Data warehouses store large amounts of current and historical data from various sources. They contain a range of data, from raw ingested data to highly curated, cleansed, filtered, and aggregated data.
Extract, transform, load (ETL) processes move data from its original source to the data warehouse. The ETL processes move data on a regular schedule (for example, hourly or daily), so data in the data warehouse may not reflect the most up-to-date state of the systems.
Data warehouses typically have a pre-defined and fixed relational schema. Therefore, they work well with structured data. Some data warehouses also support semi-structured data.
Once the data is in the warehouse, business analysts can connect data warehouses with BI tools. These tools allow business analysts and data scientists to explore the data, look for insights, and generate reports for business stakeholders.
Data warehouses are a good option when you need to store large amounts of historical data and/or perform in-depth analysis of your data to generate business intelligence. Due to their highly structured nature, analyzing the data in data warehouses is relatively straightforward and can be performed by business analysts and data scientists.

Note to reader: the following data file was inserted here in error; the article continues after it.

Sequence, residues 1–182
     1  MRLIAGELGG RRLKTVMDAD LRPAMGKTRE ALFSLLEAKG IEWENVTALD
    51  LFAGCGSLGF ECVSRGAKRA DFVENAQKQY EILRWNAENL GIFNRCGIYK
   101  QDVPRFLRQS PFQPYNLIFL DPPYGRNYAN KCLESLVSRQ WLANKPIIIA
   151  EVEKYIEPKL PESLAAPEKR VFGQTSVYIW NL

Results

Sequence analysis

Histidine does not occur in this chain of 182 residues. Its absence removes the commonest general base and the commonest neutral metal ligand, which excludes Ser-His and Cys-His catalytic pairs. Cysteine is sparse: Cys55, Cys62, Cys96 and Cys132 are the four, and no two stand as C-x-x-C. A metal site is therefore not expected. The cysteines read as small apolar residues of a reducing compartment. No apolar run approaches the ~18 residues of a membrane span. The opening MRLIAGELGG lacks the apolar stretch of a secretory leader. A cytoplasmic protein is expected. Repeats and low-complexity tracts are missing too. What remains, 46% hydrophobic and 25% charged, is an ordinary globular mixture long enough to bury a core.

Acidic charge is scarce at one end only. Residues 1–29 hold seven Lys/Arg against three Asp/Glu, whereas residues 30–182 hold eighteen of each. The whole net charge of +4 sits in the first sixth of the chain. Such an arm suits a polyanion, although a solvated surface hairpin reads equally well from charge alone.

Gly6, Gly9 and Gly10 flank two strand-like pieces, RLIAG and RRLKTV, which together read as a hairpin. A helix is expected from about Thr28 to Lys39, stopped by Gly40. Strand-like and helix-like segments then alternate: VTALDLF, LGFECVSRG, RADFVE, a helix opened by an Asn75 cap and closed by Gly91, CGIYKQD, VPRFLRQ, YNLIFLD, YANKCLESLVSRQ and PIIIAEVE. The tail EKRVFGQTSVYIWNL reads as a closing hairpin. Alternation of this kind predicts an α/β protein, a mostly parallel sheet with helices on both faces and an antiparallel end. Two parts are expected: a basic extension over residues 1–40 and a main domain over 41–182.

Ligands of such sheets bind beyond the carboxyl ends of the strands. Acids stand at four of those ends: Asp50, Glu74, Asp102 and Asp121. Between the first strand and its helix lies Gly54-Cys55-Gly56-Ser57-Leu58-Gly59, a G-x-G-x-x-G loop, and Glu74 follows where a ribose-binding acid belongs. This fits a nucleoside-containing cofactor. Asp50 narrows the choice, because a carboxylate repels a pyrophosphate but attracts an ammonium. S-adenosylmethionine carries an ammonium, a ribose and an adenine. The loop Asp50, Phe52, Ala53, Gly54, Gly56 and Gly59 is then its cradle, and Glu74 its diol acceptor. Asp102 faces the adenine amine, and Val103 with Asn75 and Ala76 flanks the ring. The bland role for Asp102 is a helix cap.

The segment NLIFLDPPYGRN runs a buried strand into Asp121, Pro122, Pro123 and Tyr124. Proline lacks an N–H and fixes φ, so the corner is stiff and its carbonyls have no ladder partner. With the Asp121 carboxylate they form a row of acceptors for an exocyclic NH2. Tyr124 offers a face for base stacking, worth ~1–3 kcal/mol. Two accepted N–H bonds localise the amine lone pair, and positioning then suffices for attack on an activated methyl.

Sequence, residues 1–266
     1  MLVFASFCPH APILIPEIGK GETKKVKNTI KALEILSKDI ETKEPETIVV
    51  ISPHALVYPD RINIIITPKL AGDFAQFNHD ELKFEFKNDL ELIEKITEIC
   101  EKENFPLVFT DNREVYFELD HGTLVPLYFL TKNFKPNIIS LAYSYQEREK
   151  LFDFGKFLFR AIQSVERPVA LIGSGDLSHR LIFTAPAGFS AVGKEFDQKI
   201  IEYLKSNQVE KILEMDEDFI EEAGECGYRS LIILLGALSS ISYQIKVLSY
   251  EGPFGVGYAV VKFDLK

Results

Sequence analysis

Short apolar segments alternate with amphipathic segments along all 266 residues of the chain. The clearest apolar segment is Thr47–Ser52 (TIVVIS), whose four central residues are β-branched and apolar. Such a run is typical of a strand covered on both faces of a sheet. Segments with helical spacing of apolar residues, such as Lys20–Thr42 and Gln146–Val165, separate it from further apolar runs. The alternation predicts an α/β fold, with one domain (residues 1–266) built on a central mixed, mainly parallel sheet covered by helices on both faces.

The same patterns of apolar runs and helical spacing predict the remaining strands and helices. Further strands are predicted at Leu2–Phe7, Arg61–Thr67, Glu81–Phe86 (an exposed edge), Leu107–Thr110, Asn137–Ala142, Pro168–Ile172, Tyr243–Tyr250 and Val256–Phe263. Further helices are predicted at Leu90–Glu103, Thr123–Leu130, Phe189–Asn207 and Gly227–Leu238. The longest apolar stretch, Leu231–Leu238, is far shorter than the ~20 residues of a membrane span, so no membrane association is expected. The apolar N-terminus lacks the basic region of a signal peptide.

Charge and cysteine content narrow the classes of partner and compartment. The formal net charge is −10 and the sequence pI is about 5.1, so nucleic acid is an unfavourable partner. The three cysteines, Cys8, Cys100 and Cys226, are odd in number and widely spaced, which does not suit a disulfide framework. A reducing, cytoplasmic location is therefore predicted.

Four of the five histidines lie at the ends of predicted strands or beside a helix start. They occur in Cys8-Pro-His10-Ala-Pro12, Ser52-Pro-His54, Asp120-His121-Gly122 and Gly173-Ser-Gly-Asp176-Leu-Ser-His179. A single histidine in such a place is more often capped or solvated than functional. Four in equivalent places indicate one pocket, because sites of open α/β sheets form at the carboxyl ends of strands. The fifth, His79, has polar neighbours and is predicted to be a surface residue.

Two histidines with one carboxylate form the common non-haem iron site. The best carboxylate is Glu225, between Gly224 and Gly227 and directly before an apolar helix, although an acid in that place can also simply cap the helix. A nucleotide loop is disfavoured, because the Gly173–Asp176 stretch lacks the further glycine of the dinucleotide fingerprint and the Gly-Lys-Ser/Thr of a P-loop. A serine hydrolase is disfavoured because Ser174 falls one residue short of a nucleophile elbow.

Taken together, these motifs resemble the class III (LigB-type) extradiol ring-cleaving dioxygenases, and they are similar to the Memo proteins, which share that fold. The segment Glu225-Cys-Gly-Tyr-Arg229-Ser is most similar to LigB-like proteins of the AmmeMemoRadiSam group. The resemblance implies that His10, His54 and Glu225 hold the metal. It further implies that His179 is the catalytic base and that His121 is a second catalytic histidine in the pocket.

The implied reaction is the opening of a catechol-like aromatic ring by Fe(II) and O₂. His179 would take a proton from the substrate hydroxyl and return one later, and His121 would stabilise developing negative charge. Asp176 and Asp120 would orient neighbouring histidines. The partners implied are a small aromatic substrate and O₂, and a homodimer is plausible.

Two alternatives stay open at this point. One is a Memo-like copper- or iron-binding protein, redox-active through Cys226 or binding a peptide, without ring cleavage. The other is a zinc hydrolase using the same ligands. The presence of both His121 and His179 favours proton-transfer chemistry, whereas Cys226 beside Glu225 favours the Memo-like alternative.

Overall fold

Note that data warehouses are not intended to satisfy the transaction and concurrency needs of an application. If an organization determines they will benefit from a data warehouse, they will need a separate database or databases to power their daily operations.
Examples of data warehouses include:
A data lake is a repository of data from disparate sources that is stored in its original, raw format. Like data warehouses, data lakes store large amounts of current and historical data. What sets data lakes apart is their ability to store data in a variety of formats including JSON, BSON, CSV, TSV, Avro, ORC, and Parquet.
Typically, the primary purpose of a data lake is to analyze the data to gain insights. However, organizations sometimes use data lakes simply for their cheap storage with the idea that the data may be used for analytics in the future.